By Joe Burnley (Originally published on the Hard Times Blog)
The city of Victoria was the solution to the vexing problem of Spanish harassment at Fernando Po. The Baptist missionaries who resided in this small island using it as a hub for their work there, and in the Cameroons, had finally lost patience with the Spanish authorities. The British had used Clarence as a base for their naval squadron from where their man o' wars patrolled the gulf of Guinea to disrupt the trade in human slavery, which had been abolished in England, but was still the main trade in that area at that time. They tried to encourage the more legitimate trade in palm oil. This occupation led to the creation of a Creole society at Fernando Po.
The Rev. John Clarke and Dr. George K. Prince, stopped at Clarence on Fernando Po, en route to the Nigerian interior. Their reception by the head of the naval squadron was extremely warm. Freed slaves and other black immigrants pleaded for the establishment of a Christian presence on the Island. The two men advised their superiors in England on their findings, and in 1842, Thomas Sturgeon (1810-1846) arrived on Fernando Po from England. This was followed by the Jamaican Joseph Merrick (1818-1849), Alexander Fuller(D. 1847), and his son Joseph Jackson Fuller (1825-1908) in 1843. Alfred Saker (1814 - 1880) arrived the following year with his wife.
A lot of other Jamaicans , freed slaves from Sierra Leone had made the island their home. Joseph Merrick and his group had ventured to the mainland of the Cameroons, first stopping at Bimbia and then on to Duala. Alfred Saker also went to Duala were he setup his headquarters for operations in the Cameroons. Merrick had established a settlement at Bimbia by 1845, and was translating the Bible into the local Isubu dialect.
In early February 1843, Spain had asserted its long-standing claims to the island. The captain of a Spanish fleet planted the Spanish flag at Clarence, renamed the city Santa Isabel, and proclaimed his intent to establish the Roman Catholic Church as the official religion of the island. On the 23rd of May 1858 a Spanish steamer was visible from Clarence. Don Carlos Chacon the Governor-General of all the islands belonging to Spain in West Africa was on board.
On January 5, 1846 virtually the entire community at Santa Isabel, including newly arrived recruits such as Joseph Jackson Fuller, petitioned Queen Victoria stating that they believed they were under British protection when they immigrated to West Africa.The appeal by Christians for Britain to intervene on their behalf resulted in sporadic correspondence over the next few years. Even with some successes, these had been attained at great cost. The ranks of missionaries had been decimated by disease. Even the Jamaicans who were black had also succumbed in great numbers. Don Carlos Chacon immediately sent for Saker and informed him that the Protestant form of worship must cease. All this made the move to the mainland was inevitable.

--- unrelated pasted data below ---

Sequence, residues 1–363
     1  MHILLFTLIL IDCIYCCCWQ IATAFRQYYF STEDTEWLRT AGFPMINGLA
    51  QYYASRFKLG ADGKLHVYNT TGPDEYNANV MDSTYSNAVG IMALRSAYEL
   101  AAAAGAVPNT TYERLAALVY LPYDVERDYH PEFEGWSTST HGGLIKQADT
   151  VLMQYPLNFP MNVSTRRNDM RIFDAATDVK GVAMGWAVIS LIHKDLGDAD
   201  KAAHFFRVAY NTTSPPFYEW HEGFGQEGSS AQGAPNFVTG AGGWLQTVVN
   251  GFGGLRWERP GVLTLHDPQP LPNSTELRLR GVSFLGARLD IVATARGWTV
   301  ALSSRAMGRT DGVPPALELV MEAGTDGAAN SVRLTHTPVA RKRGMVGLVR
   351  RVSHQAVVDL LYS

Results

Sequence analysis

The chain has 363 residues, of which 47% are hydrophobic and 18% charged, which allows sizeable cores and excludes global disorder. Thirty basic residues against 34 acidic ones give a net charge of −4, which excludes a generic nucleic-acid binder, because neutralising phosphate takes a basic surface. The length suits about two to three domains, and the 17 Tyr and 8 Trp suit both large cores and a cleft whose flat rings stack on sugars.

Saker embarked on the task of finding a suitable place, with an agreeable climate, free of disease. He did not want to settle at Bimbia for fear of diseases, but found Ambas bay quite tolerable. Its natural beauty captivated him. He then went to Chief Bile (King William), and negotiated to buy the land at Ambas Bay. The shrewd chief was an old hand in these things and extracted a tidy sum from the Baptists.This was 1858. He then returned to Fernando Po and prepared the congregation for the move to Ambas bay. He would later rename the settlement Victoria after the reigning Queen at the time.
On the 12th of August the first party of settlers landed from Fernando Po. One of the members of this party was Stephen Burnley, father of the Late Rev. Joseph Ebakise Burnley first African pastor of The Native Baptist Church in Victoria till 1936. Saker now concentrated on building homes for the new emigrants.
The children of some of the converts at Bimbia, Bota and others from neighbouring Bakweri villages and the islands were brought to Victoria for training. Saker then drew up a constitution with laws for the proper governing of Victoria. A town council and court for the administration of justice were established. Rev. Diboll of Santa Isabel came to supervise and advice the new leaders. He presided at court and kept records of the proceedings.
In 1866 Horton Johnson was appointed president of Victoria. It was a very high honour for a coloured man at the time, but unfortunately he died in 1867. The next agenda was the building of schools, and the first Bakweri to enroll in one of these schools was Peter Mokoko-Mokeba. He was followed by David Nanjia Carr and Samuel Eyum Sama. At this time Mr. Pinnock was the senior teacher assisted by junior teachers like Joseph Wilson jr., Isaac Johnson (son of Horton Johnson), Charles Steane (father of the late CharlesNako Steane who founded the present Victoria Baptist School in 1932).
In 1869 another school was opened in Bota as a result of the influence of George Luma Martin, the first convert from Bota land to settle in Victoria. In 1873 another school was opened at mapanja under Stephen Burnley.